Musically great, and always uplifting, here are 3 of my favourite Bunnymen tracks for you to listen to on Spotify:


or Ecstasy, the preferred drug of the Second Summer of Love and the Acid House culture that exploded into consciousness in the late 1980s. Seen by the establishment as the spawn of Beelzebub, E, or MDMA as it is more correctly known, led to a reduction in anxiety, fear and aggression, an increase in empathy, compassion and forgiveness and feelings of intimacy and love for others, which all led to thousands of ravers 'blissed out' dancing to house music in a field in the home counties.

Dave Stewart and Annie
Lennox: a great partnership that was Eurythmics before launching Annie on a successful solo career and establishing Dave Stewart as a successful producer and songwriter. He married Siobhan Fahey, of Bananarama.

Friday, 21 August 2009

D is for ...

D is for ...

Duran Duran - one of the biggest bands of the '80s, their poppy, synth led music instantly transporting you back through the decades to a time of hairspray, frilly collars and make up. Another band that took full opportunity of the video revolution of the dawning of the MTV era, its hard to imagine now the furore that some of their videos created: the video for 'Girls on Film' was banned by the BBC, but as so often in pop culture, this merely helped propel the single to the top of the charts.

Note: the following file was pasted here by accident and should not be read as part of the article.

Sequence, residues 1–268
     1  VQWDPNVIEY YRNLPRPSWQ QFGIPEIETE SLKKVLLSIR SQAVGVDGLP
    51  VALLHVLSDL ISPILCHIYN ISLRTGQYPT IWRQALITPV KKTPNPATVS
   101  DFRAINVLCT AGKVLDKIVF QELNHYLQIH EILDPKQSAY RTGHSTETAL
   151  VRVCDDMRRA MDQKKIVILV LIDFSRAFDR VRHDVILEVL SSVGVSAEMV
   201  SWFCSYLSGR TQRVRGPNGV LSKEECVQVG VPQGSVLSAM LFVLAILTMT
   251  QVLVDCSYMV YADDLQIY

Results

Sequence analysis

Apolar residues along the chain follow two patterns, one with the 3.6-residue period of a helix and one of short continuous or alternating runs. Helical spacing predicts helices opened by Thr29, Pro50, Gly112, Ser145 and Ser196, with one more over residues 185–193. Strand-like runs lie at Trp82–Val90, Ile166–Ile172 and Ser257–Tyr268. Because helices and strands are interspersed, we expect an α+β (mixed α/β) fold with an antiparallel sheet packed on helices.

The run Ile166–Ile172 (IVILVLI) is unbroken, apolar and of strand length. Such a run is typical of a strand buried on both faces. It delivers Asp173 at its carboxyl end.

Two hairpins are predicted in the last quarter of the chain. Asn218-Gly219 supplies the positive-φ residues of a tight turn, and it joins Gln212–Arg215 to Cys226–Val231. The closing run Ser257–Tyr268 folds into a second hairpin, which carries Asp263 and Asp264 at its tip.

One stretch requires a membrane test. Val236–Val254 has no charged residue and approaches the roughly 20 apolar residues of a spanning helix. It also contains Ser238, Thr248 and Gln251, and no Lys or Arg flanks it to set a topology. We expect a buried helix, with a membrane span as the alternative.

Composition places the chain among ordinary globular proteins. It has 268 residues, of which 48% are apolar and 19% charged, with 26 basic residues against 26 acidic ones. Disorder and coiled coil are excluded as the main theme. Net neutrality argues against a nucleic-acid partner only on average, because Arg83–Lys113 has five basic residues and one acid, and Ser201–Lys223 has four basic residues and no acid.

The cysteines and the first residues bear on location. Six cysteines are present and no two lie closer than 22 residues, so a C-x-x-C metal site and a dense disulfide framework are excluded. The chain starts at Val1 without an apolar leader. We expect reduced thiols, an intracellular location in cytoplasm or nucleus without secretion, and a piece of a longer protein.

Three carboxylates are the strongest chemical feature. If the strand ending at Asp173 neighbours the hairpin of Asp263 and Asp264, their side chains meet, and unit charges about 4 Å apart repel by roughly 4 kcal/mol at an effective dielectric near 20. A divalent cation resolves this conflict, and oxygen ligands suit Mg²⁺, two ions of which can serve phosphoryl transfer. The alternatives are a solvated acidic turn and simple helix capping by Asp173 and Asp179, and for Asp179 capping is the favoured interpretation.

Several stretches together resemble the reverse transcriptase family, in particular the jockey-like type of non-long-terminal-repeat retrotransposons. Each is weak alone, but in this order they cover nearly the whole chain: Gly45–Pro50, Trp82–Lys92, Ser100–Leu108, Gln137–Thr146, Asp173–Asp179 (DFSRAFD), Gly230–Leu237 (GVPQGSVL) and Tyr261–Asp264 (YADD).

As long as you promise you wont be offended, you can watch the girls on film video here:

Little known fact! The Duffer was at school with Simon Le Bon's cousins.

Starting from (semi) alternative New Romantic roots Duran Duran ultimately went mainstream and are perhaps synonymous with 1980s music - there domination and popularity being confirmed when they recorded the Bond theme 'A View to a Kill.'

Listen to some Duran Duran classics:

Dr. Martens or doc martens, docs, or just dm's, the footwear of the 1980s. At the start of the decade it was the doc. marten boot, worn by punks and skins, with rolled up jeans. People then began customizing them with different colours and designs, and by the end of decade the famous air ware sole on the bottom of just about every shoe imaginable from city boy brogues to tasseled loafers and all shades in between. 'Red or Dead' sold customised dm's from there stall on Camden Market, launching a brand that went on to enjoy commercial success, whilst retaining its cred.